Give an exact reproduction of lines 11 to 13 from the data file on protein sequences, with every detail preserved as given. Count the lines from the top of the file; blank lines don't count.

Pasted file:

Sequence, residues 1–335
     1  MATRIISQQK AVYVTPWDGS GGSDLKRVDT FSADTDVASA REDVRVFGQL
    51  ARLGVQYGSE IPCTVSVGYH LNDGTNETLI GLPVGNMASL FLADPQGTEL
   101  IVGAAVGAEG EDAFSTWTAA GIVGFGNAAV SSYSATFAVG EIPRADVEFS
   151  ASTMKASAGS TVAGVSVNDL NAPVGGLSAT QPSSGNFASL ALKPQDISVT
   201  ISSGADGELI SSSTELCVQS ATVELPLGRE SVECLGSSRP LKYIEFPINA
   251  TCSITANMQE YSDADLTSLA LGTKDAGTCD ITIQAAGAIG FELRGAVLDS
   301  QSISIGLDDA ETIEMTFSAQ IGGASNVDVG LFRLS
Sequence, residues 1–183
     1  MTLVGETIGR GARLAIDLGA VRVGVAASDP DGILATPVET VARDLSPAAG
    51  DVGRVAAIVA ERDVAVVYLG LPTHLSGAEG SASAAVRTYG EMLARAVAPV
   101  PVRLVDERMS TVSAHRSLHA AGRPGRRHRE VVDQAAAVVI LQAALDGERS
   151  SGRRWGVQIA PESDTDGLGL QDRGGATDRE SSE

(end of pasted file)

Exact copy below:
    51  DVGRVAAIVA ERDVAVVYLG LPTHLSGAEG SASAAVRTYG EMLARAVAPV
   101  PVRLVDERMS TVSAHRSLHA AGRPGRRHRE VVDQAAAVVI LQAALDGERS
   151  SGRRWGVQIA PESDTDGLGL QDRGGATDRE SSE